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Traditional Maori Carving Designs

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The Maori are a Polynesian people who have excelled in carving for centuries. The following is a short list of the traditional designs they have used. The figures are the simple versions — Maori artists would, of course, make their carvings very ornate.

Koru Koru From the tree fern, spiral representing New Life and Growth.
Tiki Tiki First Child or Ancestor. In feotal position. Strong Good Luck charm.
Heru Heru Ceremonial headdress for Maori man, nowadays, a unisex hair adornment.
Hei Matau Hei Matau Fish hook originally carved from Maui's Grandmother's jawbone. Used to fish up the North Island. Brings Good Luck and Prosperity.
Koropepe Koropepe Eel-type fish usually in motion.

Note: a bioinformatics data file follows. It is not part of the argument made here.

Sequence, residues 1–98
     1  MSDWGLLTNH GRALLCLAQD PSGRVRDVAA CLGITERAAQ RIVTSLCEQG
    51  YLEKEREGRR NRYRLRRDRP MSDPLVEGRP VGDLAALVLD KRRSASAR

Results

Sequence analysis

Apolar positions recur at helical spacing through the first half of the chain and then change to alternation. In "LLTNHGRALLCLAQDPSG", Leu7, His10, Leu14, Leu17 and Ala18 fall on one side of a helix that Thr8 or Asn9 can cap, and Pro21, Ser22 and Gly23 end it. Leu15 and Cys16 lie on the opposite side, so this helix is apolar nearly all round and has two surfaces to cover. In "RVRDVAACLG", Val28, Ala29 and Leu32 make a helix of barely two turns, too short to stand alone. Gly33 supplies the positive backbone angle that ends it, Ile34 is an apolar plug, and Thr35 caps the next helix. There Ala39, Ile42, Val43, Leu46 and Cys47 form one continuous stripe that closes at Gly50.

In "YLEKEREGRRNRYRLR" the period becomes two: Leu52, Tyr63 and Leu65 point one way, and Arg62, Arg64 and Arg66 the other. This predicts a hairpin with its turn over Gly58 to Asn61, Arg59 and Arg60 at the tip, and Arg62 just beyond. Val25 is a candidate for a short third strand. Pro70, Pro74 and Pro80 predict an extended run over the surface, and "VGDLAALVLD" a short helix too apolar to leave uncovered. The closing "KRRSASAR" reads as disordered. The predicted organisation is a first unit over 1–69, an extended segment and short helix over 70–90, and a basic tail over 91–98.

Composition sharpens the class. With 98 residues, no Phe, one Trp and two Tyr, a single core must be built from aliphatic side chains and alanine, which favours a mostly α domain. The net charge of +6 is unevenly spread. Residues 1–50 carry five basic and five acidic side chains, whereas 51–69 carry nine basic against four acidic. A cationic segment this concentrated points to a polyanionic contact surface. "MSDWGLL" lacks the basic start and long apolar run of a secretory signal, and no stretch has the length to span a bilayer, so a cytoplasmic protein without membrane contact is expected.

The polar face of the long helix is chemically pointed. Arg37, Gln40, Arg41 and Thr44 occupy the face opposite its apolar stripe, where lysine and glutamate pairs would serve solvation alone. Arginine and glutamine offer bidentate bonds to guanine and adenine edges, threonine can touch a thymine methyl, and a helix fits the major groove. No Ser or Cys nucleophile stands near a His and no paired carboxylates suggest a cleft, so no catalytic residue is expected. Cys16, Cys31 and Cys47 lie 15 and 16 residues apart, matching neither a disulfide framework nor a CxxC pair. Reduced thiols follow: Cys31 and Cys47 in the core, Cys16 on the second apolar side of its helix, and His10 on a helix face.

Manaia (simple) Manaia Guardian of Spiritual Energy. Has the Head of a Bird, body of a Man and Tail of a Fish creating a balance of Sky, Earth and Sea.
Maripi Maripi Flesh cutting knife made with sharks teeth. For ceremonial occasions.
Hei Toki / Adze Hei Toki-Adze Representing Power and Authority (often male).
Wakahuia Wakahuia treasure box for Huia feathers, amulets, pendants and necklaces.
Mere Mere/Patu Hand clubs. Symbolise Facing and Overcoming Life's Difficulties and Challenges.
Mokopeke Mokopeke / Koropepe Mythical snake-like creature relating back to early traves through Polynesia.
Roimata Roimata Teardrop of Tears of Sadness
Taiaha Taiaha Long carved spear used in martial arts -- like combat.
Tekoteko Tekoteko Human-like figure from apex of meeting house (Wharenui). Usually portrays long departed Chief or Warrior.
Marakihau Marakihau Mythical deep sea monster with human form and long tubular tongue.
Tuere Tuere Carved prow of canoe or waka.
Taurapa Taurapa Carved stern post of Maori war canoe.

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